Information Commissioner Nataša Pirc Musar made the announcement in a recent tweet, saying that Google's cars mounted with cameras would begin photographing Slovenian streets in the summer. The street view service for Slovenia would subsequently become available early next year.
The Information Commissioner's Office has confirmed for the STA that final talks on the launch of the popular service are under way with the US company.
"Currently we are awaiting more details from [the company] on the exact implementation, including the timetable, public announcements, route selection and similar," the office said.
This was corroborated by Google, which told the STA that it was getting ready to submit the requested information on the recording plan. The company declined to provide more details.
The two sides are expected to provide the details of the project in a joint statement. "The public will by all means get timely information on when and where the recording will take place," Deputy Information Commissioner Andrej Tomšič said.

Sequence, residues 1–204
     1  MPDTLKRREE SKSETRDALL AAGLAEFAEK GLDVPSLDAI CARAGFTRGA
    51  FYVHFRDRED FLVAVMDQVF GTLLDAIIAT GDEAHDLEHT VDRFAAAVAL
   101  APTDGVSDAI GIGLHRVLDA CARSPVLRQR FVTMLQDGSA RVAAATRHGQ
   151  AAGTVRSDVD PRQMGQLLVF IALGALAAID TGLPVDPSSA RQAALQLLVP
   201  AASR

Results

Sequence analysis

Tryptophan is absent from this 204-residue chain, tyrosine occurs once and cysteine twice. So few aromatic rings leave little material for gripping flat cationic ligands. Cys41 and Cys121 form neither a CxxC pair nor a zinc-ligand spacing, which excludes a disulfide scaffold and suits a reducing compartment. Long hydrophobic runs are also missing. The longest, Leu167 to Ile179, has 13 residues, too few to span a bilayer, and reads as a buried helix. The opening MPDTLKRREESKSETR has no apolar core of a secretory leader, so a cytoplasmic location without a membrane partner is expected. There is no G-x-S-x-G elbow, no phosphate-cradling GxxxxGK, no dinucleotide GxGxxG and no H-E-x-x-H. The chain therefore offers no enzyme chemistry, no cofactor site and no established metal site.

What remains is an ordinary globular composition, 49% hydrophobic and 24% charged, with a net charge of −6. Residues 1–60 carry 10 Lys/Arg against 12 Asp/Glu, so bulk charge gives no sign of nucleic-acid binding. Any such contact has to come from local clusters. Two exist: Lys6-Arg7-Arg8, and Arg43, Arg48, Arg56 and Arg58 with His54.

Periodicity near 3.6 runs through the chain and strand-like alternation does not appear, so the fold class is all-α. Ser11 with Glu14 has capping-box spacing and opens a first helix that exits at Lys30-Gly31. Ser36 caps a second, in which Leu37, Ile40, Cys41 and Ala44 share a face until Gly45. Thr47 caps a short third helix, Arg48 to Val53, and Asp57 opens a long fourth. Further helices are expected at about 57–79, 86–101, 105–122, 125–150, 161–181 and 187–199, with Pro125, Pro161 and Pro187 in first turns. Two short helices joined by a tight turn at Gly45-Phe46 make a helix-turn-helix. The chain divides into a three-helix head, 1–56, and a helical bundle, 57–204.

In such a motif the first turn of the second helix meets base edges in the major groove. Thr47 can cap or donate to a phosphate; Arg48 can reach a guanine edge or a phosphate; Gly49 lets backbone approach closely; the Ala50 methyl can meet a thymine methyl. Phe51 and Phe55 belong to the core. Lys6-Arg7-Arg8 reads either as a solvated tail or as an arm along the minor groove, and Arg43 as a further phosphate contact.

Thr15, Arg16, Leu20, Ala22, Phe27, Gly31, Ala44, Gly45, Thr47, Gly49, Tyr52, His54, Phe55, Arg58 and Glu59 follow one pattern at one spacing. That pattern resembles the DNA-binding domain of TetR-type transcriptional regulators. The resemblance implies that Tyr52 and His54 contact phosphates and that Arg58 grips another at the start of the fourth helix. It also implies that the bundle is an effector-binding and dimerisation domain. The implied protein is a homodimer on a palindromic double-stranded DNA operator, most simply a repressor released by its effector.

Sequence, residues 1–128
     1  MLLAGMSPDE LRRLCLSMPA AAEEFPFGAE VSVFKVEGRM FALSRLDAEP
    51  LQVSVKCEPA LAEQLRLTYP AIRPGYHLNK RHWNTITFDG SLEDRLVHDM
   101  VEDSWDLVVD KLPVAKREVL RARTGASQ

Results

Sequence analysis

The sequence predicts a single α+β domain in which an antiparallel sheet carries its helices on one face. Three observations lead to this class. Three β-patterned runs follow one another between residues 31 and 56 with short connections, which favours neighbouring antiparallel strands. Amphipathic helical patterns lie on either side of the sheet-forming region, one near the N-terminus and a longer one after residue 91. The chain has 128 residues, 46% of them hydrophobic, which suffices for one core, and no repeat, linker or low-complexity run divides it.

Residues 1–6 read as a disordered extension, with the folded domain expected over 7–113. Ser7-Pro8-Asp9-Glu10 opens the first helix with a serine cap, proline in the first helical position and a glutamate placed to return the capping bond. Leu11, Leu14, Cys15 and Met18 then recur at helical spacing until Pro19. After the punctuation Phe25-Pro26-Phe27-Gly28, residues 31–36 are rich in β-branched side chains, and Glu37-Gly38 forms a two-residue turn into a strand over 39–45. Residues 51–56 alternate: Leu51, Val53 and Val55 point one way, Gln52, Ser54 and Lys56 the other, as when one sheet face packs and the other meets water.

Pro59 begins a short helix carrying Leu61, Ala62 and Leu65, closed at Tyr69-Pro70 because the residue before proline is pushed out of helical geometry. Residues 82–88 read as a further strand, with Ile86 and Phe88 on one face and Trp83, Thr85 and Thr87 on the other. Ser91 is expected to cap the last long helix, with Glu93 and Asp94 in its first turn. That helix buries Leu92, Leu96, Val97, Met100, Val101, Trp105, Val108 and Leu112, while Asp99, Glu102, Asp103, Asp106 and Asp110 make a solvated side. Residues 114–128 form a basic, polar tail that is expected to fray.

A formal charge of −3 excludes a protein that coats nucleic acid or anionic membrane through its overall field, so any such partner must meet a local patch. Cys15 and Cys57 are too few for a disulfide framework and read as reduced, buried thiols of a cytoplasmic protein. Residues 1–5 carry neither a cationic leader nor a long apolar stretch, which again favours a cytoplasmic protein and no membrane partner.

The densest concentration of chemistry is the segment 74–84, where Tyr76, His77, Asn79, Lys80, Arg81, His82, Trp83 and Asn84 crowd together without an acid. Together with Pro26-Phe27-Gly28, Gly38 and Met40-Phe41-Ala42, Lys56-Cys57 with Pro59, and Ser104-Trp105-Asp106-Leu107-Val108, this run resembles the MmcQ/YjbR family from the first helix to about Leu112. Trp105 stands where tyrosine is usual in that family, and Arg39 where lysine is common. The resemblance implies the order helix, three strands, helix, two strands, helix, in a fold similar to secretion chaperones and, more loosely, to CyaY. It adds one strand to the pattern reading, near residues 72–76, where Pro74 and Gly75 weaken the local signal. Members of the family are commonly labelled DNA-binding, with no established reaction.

The development comes more than two years after Google's first attempt to get approval for launching the Street View service for Slovenia was turned down by the Information Commissioner because the company wanted to process the raw images of its recordings abroad.
Back then the commissioner ruled that Google could only take out of the country pictures on which personal information, including faces and car license plates, had already been blurred.
As part of the permission to launch its service, "the Information Commissioner has demanded a broad set of safeguards, from clear public announcements to blurring of faces and license plates and other measures," Tomšič told the STA this week.
He announced that the exact details of the safeguards demanded by the information commissioner as a condition for the approval would be made public in the future.